The topic of data protection has become the focus of public attention worldwide in recent years. The legal requirements in the national and international environment are becoming increasingly complex and companies have to take certain steps to ensure compliance with data protection regulations and to actively demonstrate compliance. Furthermore, data protection requirements apply to a certain extent to companies of all sizes, from small businesses to large international players. The issue is particularly complex because it usually requires both technical and legal knowledge.
The General Data Protection Regulation (GDPR) has changed the way businesses store, manage and process personal data. Businesses need to have to be compliant now. The financial and reputational ramifications of ignoring or getting this wrong are considerable – so organisations need to respond, and evolve with their data.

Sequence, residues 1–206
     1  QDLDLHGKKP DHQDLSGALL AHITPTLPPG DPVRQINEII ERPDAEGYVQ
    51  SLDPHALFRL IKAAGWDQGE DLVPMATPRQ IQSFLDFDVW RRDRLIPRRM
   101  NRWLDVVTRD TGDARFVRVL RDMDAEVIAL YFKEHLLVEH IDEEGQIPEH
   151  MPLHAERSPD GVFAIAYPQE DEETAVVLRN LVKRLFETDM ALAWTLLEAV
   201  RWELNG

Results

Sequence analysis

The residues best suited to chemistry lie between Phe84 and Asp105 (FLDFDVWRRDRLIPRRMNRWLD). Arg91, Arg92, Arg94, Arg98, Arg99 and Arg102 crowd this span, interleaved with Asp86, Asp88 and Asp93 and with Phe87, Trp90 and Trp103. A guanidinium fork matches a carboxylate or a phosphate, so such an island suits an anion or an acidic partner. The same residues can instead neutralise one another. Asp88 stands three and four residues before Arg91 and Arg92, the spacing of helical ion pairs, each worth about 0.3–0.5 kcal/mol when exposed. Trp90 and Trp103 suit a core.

In May 2020, it is going to be two years since the General Data Protection Regulation 2016/679 (GDPR) came into force.
The GDPR empowers data protection authorities to impose higher penalties than ever before in the event of data protection violations.
The General Data Protection Regulation (GDPR) came into effect on 25 May 2018, changing the European privacy landscape.
Q3 / Q4 of 2019 have brought relevant insights into the impact of the regulation on consumers and organizations, mainly on topics such as the ”right to be forgotten” and data protection in electronic communication, and required data management.